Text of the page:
Stephanie Gerend is entering her fourth year as an undergraduate student at the University of Guelph, completing an Honours Bachelor of Science in Biomedical Science. She is eager to work with Dr. Katie Clow on this One Health project and emphasize the importance of a transdisciplinary approach to solving problems, as solely focusing on one sector does not account for spillover and downstream effects. Espeically considering that the effects of SARS-CoV-2 are not isolated to humans.

During her time at UofG, she has developed a deep interest in the intersection of global development and biological science subject areas. After taking the One Health course, she realized that is a way to combine these two disciplines and has found herself extremely passionate about this intersection.

Beyond academics, Steph loves being involved in community-based work. She is currently the Co-Chair of Relay for Life at UofG, and over the past three years the committee set a Canadian Cancer Society record for largest post-secondary amount raised. She is also involved with Big Brother Big Sisters as a community mentor, facilitating one-on-one weekly meetings with her mentee in an effort to help reduce the societal barriers and adversities they face.

Through the Robert W. Woolner Studentship, Steph hopes to learn more about how the One Health approach can shed light on potential gaps in disease transmission and help build a framework for preventing future zoonotic transmission and spillover. She is looking forward to working with professionals from different sectors to solve this complex issue and learn more about multidisciplinary collaboration.

Previous Recipients

Summer 2020

Dr. Fiona James & Rachel Vella

Project: Comparing canine and human epileptic syndromes

Dr. Travis Steffens & Kiana Gibson

Project: Investigating the potential transmission of intestinal pathogens among people, lemurs, and domestic animals in Madagascar

Effects of Environmental Modification and Early-Life Stress on Wildlife Physiology

About the Professor

Photograph of Dr. Amy Newman in the field.

Dr. Amy Newman is an Associate Professor in the Department of Integrative Biology in the College of Biological Sciences. She is an ecophysiologist who’s training lies at the intersection of physiology, ecology and neuroendocrinology. She uses both field and laboratory techniques to answer questions that integrate ecology and physiology with the goal of understanding how the early life environment shapes stress physiology, behaviour and fitness.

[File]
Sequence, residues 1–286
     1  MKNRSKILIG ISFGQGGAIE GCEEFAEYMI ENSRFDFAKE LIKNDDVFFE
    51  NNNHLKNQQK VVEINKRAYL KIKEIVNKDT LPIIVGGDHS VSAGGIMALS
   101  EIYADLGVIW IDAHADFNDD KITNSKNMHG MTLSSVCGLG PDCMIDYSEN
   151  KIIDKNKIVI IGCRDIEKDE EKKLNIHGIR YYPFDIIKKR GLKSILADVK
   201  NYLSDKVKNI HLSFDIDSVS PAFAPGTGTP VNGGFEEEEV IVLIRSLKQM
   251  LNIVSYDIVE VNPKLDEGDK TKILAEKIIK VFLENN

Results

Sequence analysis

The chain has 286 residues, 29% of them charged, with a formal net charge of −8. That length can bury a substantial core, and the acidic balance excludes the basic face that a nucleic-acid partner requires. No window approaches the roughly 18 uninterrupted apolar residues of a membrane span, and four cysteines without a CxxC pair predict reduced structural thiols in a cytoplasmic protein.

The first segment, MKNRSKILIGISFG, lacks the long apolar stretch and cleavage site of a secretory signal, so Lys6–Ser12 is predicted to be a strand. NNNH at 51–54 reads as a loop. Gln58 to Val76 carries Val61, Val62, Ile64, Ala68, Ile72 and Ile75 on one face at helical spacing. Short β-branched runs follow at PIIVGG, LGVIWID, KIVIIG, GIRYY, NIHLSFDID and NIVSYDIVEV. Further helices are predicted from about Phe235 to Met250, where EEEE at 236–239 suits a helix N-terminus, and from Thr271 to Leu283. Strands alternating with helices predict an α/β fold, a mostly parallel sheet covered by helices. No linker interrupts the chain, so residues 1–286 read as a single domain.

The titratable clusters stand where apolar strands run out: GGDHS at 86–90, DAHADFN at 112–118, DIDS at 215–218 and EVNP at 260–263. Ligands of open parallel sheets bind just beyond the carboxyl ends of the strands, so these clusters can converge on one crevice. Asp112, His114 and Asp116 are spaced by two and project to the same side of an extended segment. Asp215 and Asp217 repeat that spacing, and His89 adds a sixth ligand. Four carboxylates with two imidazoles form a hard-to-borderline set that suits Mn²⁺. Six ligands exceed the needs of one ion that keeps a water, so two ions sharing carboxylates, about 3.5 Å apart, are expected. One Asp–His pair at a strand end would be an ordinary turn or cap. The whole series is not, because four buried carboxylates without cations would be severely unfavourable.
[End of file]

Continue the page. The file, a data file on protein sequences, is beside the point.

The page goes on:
Prior to joining the Department of Integrative Biology as a faculty member in 2012, Dr. Newman obtained a BSc from Queen’s University, a PhD in Neuroscience from the University of British Columbia, and was an NSERC Postdoctoral Fellow at the University of Guelph.

About the Student

Photograph of student Hossam Ehab standing outside in the snow.

Hello! My name is Hossam Ehab, and I am spending this summer working with the Newman lab on a project that involves a number of One Health principles. One Health is a research approach/outlook that I am passionate about. The project I will be working on examines the impacts of agricultural stress and landscape restoration on avian diversity in farms across southern Ontario.

I’m entering my fourth year of undergraduate studies at the university of Guelph this fall as a marine and freshwater biology major. In my spare time I enjoy biking, going for a hike, or photographing interesting things that catch my eye.

Through the Robert W. Woolner studentship, I’m looking forward to exploring how One Health principles can be applied to ecological diversity studies and to conservation efforts in a region that is also important for food production.

Previous Recipients

Summer 2020

Dr. Fiona James & Rachel Vella

Project: Comparing canine and human epileptic syndromes

Dr. Travis Steffens & Kiana Gibson

Project: Investigating the potential transmission of intestinal pathogens among people, lemurs, and domestic animals in Madagascar


Comparing Canine and Human Epileptic Syndromes | Dr. Fiona James & Rachel Vella

Investigating the Potential Transmission of Intestinal Pathogens among People, Lemurs, and Domestic Animals in Madagascar | Dr. Travis Steffens & Kiana Gibson

Last updated: December 13, 2023